If this poem was written contemporaneously with the marriage of Frances Howard to Sir Robert Carr (see d1_AytR_005 for full details), then it would date to around 26 December 1613. The poem takes aim at Howard's eight-year marriage (5 January 1606 to 25 September 1613, when it was annulled) to Sir Robert Devereux, third earl of Essex, which was never consummated due to Devereux's impotency (a problem apparently specific only to his relations with his wife). Its favourable tone towards the happy couple, and the savage ridiculing of Devereux, further suggests that Ayton was in the patronage of Carr, or at least closely allied with him. Metre: elegiac couplets.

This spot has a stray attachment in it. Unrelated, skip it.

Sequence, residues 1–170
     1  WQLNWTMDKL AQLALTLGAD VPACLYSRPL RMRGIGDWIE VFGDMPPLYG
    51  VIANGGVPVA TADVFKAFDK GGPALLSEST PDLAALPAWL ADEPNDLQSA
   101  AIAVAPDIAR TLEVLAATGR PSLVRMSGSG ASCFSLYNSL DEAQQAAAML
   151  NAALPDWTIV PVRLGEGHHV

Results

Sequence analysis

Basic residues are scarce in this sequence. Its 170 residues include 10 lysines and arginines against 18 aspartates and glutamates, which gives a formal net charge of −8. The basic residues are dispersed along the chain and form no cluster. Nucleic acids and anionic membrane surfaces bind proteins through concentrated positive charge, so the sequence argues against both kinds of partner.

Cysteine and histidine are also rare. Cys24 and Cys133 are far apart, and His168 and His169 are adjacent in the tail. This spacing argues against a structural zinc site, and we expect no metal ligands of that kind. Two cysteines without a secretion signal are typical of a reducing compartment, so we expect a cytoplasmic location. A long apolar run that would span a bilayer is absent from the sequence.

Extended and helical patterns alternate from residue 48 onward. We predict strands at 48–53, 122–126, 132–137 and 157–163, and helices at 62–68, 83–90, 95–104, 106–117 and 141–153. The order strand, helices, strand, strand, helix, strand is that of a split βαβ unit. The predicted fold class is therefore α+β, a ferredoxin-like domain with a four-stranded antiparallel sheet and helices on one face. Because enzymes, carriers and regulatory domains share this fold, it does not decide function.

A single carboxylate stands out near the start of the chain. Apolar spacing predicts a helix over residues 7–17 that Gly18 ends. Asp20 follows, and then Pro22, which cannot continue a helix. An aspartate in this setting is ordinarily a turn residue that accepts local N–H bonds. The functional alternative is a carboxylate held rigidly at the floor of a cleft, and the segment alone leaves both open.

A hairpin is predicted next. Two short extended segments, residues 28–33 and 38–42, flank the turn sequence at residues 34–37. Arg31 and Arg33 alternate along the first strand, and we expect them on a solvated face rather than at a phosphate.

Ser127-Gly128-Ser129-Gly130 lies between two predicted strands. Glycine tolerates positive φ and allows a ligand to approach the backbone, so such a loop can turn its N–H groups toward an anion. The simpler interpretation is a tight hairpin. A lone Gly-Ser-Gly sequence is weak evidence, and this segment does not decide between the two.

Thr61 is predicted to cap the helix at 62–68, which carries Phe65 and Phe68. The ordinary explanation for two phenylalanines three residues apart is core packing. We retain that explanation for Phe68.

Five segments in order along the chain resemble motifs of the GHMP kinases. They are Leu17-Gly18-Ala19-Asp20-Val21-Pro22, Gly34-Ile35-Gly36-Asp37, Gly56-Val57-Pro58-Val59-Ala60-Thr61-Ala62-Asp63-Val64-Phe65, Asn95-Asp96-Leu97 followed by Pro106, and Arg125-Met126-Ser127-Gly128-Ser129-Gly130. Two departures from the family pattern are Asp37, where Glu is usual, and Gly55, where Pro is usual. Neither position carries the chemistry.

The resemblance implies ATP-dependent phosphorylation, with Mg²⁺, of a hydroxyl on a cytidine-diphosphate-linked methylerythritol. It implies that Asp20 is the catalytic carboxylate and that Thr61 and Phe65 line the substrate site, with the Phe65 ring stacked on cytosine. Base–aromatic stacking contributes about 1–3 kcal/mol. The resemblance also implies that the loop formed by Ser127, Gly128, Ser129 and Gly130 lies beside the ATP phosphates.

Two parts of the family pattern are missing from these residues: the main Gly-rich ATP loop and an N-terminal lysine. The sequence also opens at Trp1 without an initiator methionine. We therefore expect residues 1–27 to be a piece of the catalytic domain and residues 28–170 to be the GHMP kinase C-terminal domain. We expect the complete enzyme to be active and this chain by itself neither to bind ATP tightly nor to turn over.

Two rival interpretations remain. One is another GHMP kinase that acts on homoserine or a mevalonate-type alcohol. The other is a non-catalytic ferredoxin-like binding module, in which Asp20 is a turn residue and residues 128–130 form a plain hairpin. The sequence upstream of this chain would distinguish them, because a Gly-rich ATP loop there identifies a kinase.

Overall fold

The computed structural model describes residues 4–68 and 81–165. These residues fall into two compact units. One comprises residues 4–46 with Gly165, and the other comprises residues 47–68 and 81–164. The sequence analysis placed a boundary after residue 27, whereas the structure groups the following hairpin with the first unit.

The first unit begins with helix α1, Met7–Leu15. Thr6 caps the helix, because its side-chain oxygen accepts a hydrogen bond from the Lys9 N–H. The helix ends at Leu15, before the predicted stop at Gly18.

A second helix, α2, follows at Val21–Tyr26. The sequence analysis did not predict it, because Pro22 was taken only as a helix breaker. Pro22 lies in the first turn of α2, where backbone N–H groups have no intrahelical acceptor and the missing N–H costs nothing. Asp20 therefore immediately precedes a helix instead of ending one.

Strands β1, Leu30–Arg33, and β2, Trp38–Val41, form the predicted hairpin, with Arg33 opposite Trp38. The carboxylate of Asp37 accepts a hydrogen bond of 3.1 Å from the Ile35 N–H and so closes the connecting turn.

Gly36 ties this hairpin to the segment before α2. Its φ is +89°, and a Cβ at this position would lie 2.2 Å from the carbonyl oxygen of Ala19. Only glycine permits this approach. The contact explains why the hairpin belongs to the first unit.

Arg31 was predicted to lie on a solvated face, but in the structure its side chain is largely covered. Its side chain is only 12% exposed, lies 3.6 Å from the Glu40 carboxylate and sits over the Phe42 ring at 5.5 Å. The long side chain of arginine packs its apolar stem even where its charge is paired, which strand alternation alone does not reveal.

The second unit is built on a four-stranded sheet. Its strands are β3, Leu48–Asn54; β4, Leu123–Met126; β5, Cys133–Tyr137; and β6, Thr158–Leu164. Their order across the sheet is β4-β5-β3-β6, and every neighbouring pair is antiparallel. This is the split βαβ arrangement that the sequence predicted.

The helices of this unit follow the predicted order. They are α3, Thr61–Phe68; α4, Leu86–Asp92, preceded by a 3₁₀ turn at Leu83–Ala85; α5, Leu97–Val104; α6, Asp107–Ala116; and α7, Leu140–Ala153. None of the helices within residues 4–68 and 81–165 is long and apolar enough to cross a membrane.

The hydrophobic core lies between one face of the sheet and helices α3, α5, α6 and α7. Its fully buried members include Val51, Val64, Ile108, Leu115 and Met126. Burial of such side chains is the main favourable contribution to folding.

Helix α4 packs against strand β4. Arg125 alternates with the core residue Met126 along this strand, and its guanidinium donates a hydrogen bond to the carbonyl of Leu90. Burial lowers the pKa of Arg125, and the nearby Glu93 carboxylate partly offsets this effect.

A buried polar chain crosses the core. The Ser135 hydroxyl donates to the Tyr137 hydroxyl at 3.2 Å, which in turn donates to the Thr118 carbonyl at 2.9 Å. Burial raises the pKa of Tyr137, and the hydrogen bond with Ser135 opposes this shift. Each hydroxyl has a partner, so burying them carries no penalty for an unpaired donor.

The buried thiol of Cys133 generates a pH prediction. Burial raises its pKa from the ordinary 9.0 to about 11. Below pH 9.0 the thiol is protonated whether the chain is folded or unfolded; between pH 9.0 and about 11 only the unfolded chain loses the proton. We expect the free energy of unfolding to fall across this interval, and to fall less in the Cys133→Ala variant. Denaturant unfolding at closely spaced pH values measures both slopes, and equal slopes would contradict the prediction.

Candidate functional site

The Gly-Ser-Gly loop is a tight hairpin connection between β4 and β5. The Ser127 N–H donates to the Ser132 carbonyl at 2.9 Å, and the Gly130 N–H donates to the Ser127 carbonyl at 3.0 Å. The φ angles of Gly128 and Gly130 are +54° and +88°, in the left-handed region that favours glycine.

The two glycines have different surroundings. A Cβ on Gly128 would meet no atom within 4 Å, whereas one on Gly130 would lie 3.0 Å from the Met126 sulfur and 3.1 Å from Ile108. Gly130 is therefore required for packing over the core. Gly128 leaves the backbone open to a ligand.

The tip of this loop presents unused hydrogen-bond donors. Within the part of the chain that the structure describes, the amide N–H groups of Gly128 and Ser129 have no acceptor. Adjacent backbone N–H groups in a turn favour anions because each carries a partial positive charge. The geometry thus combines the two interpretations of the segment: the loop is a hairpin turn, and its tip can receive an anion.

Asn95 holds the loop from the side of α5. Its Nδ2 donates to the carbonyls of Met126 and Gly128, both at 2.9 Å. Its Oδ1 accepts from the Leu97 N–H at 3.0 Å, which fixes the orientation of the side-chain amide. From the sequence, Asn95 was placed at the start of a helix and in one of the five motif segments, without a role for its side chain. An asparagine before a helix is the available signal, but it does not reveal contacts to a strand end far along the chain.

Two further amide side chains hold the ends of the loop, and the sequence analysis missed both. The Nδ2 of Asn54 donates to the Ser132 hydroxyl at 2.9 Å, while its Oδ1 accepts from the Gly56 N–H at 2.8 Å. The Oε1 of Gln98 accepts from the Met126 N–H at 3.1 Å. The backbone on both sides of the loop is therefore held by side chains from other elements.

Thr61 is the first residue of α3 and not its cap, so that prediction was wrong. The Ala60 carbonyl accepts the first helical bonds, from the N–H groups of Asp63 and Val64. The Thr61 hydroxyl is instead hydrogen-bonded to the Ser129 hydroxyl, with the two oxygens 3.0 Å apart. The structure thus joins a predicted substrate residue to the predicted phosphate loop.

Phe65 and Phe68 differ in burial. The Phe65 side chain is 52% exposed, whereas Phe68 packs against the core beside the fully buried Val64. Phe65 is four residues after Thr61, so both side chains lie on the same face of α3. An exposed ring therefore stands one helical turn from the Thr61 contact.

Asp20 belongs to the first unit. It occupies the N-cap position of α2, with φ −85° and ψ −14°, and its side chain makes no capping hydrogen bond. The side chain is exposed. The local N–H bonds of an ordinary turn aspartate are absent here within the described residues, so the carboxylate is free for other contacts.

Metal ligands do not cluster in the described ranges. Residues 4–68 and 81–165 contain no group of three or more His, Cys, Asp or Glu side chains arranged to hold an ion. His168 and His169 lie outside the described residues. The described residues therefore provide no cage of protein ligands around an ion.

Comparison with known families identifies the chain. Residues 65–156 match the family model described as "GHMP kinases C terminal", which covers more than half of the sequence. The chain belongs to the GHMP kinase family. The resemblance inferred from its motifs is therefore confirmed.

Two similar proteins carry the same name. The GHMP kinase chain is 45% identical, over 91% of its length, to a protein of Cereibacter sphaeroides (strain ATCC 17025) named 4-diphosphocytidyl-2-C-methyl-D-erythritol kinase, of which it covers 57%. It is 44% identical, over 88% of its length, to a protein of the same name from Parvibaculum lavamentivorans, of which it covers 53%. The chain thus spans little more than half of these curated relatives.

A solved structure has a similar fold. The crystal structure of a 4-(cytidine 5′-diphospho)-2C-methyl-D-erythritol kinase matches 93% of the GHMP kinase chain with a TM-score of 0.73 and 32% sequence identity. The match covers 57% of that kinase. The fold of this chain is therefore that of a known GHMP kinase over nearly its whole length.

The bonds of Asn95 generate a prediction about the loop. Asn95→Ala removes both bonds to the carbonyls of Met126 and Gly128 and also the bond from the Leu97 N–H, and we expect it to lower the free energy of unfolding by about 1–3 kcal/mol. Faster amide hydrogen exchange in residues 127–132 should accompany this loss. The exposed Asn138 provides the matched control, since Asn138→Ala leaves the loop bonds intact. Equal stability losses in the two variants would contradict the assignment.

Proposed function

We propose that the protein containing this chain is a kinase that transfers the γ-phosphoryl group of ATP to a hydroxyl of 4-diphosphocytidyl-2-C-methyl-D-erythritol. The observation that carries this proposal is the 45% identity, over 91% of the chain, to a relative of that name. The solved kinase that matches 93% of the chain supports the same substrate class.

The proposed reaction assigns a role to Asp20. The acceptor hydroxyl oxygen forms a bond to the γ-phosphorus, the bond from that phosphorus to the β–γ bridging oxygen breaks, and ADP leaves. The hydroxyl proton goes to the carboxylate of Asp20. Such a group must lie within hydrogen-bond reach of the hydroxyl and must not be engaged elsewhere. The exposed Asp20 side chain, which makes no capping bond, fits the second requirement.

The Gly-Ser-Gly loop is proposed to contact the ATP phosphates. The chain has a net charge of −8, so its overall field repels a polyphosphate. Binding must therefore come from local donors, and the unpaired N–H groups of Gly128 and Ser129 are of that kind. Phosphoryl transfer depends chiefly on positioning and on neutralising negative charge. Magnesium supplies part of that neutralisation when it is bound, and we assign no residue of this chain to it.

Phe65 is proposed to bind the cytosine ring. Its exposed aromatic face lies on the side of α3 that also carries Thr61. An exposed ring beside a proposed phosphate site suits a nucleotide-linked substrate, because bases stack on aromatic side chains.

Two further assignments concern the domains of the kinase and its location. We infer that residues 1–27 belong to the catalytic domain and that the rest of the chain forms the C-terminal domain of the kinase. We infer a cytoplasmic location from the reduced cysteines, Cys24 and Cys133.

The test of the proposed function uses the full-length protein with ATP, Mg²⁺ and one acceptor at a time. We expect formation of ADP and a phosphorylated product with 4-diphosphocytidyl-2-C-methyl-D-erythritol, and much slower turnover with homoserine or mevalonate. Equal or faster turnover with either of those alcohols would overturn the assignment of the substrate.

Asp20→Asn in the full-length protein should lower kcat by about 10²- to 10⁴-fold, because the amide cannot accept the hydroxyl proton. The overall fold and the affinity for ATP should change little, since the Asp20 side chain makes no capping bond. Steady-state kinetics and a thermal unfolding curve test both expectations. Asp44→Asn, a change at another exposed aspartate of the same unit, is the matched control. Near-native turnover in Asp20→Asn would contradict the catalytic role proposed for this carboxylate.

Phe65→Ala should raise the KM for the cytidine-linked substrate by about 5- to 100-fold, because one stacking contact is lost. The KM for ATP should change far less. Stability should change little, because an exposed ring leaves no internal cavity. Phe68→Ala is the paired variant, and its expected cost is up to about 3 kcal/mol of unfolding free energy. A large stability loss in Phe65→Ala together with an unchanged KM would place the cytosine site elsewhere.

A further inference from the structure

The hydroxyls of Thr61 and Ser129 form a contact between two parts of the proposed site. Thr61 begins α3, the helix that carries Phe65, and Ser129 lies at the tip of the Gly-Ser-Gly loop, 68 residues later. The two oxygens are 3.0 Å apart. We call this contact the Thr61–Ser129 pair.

Pro Nuptiis Cari & Carinae (c.1613)
Pro Nuptiis Cari et Carinae
1Legitimas quicunque audes traducere taedas,
disce verecundo parcius ore loqui. 1
Ullane jura vetant nuptam bis quatuor annos,
quae gelido jacuit silensque toro,
5deserere imbelles thalamos, mollemque maritum, 2
et dare semiviri regna tenenda viro?
Crede mihi, jus est Naturae abdicere fundum
agricolae, qui nil quo fodiatur habet.
On the Marriage of dear Carr to his beloved girl
You who would dare to put out legitimate marriage torches, learn how to speak more sparingly in modest speech. Do any laws stop a wife, who has lain unlubricated and unmoved on a cold bed for eight years, from deserting an impotent marriage bed, and a limp husband, and from handing over the domain of an effeminate husband into the possession of a manly one? Believe me, it is nature's law to take away the property of the farmer who does not have anything to dig with.